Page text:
During the month of March we resurveyed amphibian communities along the elevational gradient in the Kosñipata Valley of southern Peru, near Manu National Park. These amphibian communities collapsed during the early 2000s during epizootics of chytridiomycosis, as we have previously documented. Our previous surveys compared anuran communities observed in 2008 and 2009, after chytridiomycosis invaded the valley, with those observed from 1996 to 1999, when we started working in this region. Furthermore, there are rich specimen collections made by teams of the Smithsonian in the early 90s, and Kansas University in the early 70s, which further document the diversity of anuran communities prior to epizootics of chytridiomycosis. Nine years after our last comprehensive survey (2009), we decided to return to the valley and re-sample the same localities from 1200 to 3700 m.
Our previous comprehensive surveys in the wet seasons of 1999, 2008 and 2009 consisted of two approaches: surveys of leaf-litter frogs using 10x10m quadrats, with four quadrats within each 100-m elevational band; and nocturnal surveys along the road that connects the mountain pass of Acjanaco at 3400 m to the town of Chontachaca at 900 m. We returned to the same sites along the road, and repeated the same sampling design during this last wet season. Our field crew included students and recent graduates from the University in Cusco, along with field assistants from the nearby town of Pilcopata, including two people who had already participated in previous surveys. We were able to sample all 100 leaf-litter quadrats (each takes about 2 hours to complete by three people), and to survey at night at elevations up to 3100 m (above 3100 m, nocturnal surveys are not effective because few frogs are active at night).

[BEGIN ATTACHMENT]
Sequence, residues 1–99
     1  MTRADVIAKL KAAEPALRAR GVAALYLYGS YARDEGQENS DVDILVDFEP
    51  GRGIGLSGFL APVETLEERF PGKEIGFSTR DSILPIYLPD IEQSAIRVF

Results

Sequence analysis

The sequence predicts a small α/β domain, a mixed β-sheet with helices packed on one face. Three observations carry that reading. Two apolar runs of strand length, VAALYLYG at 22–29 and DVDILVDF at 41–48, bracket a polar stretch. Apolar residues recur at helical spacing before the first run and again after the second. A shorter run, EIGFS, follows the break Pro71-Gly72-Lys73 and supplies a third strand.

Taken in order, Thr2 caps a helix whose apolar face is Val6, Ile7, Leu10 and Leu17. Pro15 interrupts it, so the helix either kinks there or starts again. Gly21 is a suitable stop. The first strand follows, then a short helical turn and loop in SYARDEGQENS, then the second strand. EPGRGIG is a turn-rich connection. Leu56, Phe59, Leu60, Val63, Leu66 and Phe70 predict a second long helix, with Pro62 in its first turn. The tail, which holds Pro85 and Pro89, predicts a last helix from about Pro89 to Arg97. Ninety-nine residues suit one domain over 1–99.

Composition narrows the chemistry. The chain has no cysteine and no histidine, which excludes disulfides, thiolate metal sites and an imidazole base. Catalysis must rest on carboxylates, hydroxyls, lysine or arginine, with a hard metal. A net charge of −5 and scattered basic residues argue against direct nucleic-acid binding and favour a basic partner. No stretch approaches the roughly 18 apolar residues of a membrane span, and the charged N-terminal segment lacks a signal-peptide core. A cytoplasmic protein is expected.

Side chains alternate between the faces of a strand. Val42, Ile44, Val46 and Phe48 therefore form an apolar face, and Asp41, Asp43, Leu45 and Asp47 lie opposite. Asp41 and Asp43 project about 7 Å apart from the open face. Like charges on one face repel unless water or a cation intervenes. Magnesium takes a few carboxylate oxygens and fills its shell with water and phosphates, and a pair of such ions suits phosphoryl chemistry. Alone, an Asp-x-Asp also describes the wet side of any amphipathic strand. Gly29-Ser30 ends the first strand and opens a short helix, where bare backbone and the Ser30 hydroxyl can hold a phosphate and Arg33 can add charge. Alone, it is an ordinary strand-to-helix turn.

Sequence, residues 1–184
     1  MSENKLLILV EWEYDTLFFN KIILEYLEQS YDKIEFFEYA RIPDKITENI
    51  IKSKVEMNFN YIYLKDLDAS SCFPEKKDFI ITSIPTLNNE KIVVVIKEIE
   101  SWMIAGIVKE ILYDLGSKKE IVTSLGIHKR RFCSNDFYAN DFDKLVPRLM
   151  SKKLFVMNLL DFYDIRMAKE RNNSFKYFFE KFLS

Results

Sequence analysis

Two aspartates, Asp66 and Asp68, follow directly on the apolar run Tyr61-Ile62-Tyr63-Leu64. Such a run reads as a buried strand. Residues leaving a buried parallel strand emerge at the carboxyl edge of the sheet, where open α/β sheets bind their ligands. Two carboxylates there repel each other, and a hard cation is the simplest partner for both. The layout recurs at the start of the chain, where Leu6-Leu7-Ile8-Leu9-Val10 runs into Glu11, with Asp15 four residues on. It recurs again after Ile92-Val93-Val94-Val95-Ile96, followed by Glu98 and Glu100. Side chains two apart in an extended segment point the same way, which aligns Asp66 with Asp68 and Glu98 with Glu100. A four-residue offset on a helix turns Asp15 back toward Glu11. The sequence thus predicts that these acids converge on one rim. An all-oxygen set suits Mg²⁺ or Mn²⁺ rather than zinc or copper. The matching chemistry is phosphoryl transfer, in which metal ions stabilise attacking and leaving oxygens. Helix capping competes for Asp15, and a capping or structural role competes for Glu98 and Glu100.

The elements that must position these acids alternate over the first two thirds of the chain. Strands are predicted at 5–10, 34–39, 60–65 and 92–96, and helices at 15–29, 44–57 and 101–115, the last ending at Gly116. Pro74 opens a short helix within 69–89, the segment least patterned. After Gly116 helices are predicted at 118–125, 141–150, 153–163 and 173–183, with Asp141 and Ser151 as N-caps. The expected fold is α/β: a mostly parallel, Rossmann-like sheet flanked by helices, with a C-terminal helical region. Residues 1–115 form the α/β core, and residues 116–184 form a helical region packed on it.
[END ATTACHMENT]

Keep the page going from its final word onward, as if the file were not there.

We captured over 600 frogs over the course of three weeks. Ccommunities of arboreal and stream-breeding frogs observed during nocturnal surveys continue to show a substantial deficit in species richness (see graph). Our data are preliminary because we still need to compute sampling effort, but the snapshot shows a slight recovery in species richness. This pattern is corroborated by "rediscoveries" of a few species that were abundant in 1999, but absent in 2008 and 2009. However, our preliminary data also suggest a decrease in frog density, and confirm that most species that disappeared from 2000 to 2008 continue to be absent from the valley.
We will next process swab samples to examine how infection dynamics have changed over the years. In the years following the epizootics of the early 2000s, prevalence varied widely along the elevational gradient, with populations at mid elevation (1500-2000 m) most infected by the chytrid fungus. We are especially interested in studying current infection patterns in species that have persisted despite being susceptible to chytridiomycosis. Understanding how susceptible species are able to persist and even recover despite the continuous presence of the pathogen may help develop strategies to mitigate the negative effects of the fungal disease on amphibians.
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